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Today, more than ever, people receive their news and information from the Internet. The five pound Sunday newspaper has become a thing of the past and I for one think this is a good thing. Yes, the Web has resulted in some news outlets closing, but that is more of a revenue model discussion for another time and another Blog. This shift in consumption is not merely reserved for the daily new s as recently it was reported that Amazon now sells more E-books than traditional soft or hard cover books. It is correct to assume that we are always on the go and this is a product of convenience, but this trend is also a very positive step in how we view our world and how we are changing our patterns.
To put this in perspective lets take the Sunday edition of the New York Times for an example.
o The circulation is 1,400,000
o The average weight of the paper is 4.2 pounds
o Each week nearly 6,000,000 pounds of paper are needed to produce this single paper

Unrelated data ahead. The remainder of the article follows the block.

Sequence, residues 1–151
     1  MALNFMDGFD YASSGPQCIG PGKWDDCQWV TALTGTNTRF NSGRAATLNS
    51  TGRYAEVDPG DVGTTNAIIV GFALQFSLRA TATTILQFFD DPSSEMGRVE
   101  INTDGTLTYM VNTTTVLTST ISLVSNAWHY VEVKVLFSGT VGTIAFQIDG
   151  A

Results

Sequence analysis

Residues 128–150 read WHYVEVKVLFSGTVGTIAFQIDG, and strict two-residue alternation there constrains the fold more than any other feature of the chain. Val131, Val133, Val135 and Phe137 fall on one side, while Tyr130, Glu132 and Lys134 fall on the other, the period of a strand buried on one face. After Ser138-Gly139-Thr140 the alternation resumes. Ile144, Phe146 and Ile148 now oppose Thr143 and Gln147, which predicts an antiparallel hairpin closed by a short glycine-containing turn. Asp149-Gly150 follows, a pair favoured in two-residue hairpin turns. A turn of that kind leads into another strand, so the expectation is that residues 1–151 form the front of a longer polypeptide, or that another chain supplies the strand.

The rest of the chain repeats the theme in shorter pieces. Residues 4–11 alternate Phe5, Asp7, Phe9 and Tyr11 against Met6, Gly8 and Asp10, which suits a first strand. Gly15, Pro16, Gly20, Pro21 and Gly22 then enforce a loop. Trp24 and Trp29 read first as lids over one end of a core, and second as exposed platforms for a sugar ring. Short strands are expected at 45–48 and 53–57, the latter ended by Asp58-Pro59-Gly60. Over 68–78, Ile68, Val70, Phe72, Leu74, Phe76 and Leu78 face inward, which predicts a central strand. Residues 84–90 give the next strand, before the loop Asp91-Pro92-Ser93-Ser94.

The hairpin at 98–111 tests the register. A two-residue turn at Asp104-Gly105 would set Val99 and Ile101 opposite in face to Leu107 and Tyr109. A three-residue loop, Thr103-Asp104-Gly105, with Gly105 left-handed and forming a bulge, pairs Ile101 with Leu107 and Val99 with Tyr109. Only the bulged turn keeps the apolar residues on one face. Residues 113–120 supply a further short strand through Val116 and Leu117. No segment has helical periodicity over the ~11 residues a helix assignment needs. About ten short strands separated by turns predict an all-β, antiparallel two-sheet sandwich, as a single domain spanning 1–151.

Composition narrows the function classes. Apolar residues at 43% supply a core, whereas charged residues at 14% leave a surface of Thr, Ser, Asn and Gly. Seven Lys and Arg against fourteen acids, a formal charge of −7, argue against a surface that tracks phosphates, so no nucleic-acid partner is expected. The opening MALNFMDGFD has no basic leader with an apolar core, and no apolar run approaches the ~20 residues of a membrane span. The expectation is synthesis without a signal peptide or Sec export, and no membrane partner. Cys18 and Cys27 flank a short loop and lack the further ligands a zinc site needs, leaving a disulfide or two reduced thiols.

o Each year nearly 312,000,000 pounds of paper are used – just for the Sunday paper
Three hundred million pounds is a large number, but small in comparison when there are thousands of newspapers that are printed each and every day. Researchers say that if every daily newspaper was recycled we could save 41,000 trees…each day…every day.
This discussion is not just about trees and paper as other resources are necessary to create what we print on. One ton of recycled paper saves more than 24,000 gallons of water and 3,700 pounds of lumber.
I for one can deal with the barrage of ads on the Web site for my local paper knowing that when my son grows up he will be able to see the great forests of the country and the beauty that they create.